Neuroscience perspective| Volume 60, ISSUE 6, P534-537, September 15, 2006

Making the Case for a Candidate Vulnerability Gene in Schizophrenia: Convergent Evidence for Regulator of G-Protein Signaling 4 (RGS4)

  • Pat Levitt
    Address correspondence to Dr. Pat Levitt, Vanderbilt Kennedy Center for Research on Human Development, PO Box 40 Peabody, Vanderbilt University, Nashville, TN 37203
    Vanderbilt Kennedy Center for Research on Human Development, Vanderbilt University, Nashville, Tennessee

    Department of Pharmacology, Vanderbilt University, Nashville, Tennessee
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  • Philip Ebert
    Department of Pharmacology, Vanderbilt University, Nashville, Tennessee
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  • Karoly Mirnics
    Department of Neurobiology, University of Pittsburgh, Pittsburgh, Pennsylvania

    Department of Psychiatry, University of Pittsburgh, Pittsburgh, Pennsylvania
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  • Vishwajit L. Nimgaonkar
    Department of Neurobiology, University of Pittsburgh, Pittsburgh, Pennsylvania

    Department of Human Genetics, University of Pittsburgh, Pittsburgh, Pennsylvania
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  • David A. Lewis
    Department of Neurobiology, University of Pittsburgh, Pittsburgh, Pennsylvania

    Department of Psychiatry, University of Pittsburgh, Pittsburgh, Pennsylvania

    Department of Neuroscience, University of Pittsburgh, Pittsburgh, Pennsylvania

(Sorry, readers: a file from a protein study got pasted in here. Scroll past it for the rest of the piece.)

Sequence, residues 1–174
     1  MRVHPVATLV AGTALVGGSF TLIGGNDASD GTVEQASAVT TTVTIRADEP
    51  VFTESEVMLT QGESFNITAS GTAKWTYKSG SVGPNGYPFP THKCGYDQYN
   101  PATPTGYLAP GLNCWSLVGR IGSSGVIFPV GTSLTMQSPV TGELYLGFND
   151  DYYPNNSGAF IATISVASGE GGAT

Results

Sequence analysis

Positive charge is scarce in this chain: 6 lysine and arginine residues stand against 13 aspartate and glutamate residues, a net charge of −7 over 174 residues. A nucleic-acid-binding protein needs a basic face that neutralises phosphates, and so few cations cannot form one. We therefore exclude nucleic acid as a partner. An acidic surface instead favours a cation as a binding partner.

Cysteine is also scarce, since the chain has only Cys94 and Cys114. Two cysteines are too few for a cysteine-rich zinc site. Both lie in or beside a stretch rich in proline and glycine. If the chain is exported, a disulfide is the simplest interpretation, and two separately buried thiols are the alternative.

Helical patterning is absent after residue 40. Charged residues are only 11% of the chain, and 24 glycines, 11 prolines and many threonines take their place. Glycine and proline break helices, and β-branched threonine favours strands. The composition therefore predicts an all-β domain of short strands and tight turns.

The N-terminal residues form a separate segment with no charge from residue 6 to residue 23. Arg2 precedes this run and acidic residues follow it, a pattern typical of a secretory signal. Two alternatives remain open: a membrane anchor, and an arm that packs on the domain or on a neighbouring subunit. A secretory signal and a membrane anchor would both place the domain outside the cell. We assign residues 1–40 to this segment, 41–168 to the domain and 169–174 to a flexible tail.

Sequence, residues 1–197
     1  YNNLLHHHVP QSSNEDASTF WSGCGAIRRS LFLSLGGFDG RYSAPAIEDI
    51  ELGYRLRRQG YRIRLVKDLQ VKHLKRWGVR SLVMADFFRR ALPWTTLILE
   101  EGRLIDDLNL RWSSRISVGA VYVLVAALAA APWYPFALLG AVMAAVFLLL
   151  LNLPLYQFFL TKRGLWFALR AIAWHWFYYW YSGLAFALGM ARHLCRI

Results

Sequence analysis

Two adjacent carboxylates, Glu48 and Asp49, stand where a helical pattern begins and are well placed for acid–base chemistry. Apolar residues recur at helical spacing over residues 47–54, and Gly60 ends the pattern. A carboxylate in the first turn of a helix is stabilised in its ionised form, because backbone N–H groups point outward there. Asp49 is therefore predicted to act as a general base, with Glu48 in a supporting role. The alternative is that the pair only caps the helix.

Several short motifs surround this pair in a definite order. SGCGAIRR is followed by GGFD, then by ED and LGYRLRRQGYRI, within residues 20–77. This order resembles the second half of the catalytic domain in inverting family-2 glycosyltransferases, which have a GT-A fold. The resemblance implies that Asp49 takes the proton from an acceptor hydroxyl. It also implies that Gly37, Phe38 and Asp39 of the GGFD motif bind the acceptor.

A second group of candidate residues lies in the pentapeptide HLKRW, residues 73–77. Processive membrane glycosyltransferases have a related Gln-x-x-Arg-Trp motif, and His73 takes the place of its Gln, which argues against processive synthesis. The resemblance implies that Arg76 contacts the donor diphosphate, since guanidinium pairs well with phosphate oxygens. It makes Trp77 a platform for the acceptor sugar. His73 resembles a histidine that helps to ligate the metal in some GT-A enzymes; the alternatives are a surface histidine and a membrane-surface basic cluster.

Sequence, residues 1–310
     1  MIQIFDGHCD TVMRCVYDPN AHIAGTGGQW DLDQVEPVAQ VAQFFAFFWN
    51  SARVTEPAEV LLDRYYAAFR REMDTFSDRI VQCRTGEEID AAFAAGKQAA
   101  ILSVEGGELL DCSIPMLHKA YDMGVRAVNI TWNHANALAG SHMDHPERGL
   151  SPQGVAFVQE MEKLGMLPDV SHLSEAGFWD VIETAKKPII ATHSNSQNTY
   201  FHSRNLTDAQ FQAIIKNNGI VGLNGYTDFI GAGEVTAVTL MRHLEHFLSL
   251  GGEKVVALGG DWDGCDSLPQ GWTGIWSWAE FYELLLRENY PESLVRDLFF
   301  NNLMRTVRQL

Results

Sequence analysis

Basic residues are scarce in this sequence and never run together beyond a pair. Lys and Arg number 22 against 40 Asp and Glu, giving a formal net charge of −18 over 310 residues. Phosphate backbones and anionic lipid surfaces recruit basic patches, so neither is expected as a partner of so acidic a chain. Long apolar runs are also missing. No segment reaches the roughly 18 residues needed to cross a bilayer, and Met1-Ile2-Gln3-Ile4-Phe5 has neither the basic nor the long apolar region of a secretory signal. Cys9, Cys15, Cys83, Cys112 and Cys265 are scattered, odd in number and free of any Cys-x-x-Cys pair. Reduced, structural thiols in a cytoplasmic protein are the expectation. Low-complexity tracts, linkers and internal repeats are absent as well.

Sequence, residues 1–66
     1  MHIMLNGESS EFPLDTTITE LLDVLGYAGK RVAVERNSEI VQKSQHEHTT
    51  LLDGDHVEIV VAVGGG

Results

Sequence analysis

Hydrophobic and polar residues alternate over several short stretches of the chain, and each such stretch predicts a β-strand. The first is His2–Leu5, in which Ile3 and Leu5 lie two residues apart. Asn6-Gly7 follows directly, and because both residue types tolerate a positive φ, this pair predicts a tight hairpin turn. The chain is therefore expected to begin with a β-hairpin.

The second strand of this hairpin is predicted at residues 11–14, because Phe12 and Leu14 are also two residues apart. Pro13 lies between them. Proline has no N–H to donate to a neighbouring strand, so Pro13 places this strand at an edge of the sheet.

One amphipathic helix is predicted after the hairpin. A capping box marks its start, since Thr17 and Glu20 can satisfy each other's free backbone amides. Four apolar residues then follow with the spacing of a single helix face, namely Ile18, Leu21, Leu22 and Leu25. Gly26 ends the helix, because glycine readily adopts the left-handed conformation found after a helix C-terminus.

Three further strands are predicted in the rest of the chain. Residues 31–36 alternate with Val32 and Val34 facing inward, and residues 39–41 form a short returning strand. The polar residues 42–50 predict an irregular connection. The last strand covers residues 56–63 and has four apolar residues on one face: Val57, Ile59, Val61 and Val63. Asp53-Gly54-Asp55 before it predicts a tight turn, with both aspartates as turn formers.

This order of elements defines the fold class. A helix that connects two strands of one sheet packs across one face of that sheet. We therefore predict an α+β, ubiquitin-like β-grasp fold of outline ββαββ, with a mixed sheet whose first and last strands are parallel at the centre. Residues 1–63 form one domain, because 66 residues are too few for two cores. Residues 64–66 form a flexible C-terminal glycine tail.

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      Both genetic and environmental factors have been associated with an increased risk for schizophrenia. These factors are not mutually exclusive; a single gene can be a genetic factor (due to a mutation in the gene sequence) and a target of a physiological response to an environmental stimulus, both with the common endpoint of altered expression of the gene. Regulator of G-protein signaling 4 (RGS4) has been implicated as such a gene from three lines of evidence. First, a subset of genetic studies revealed an association between schizophrenia and non-functional polymorphisms in the RGS4 gene. Second, across the cortical mantle the expression of RGS4 mRNA is decreased in a diagnosis-specific manner in subjects with schizophrenia. Third, neurobiological studies demonstrate that RGS4 is highly responsive to environmental stimuli and capable of modulating the function of G-protein coupled neurotransmitter receptors implicated in schizophrenia. RGS4 is an example of a molecule that may underlie increased vulnerability through either genetic or non-genetic mechanisms, which we suggest may be typical of other genes in a complex, polygenic disorder such as schizophrenia.

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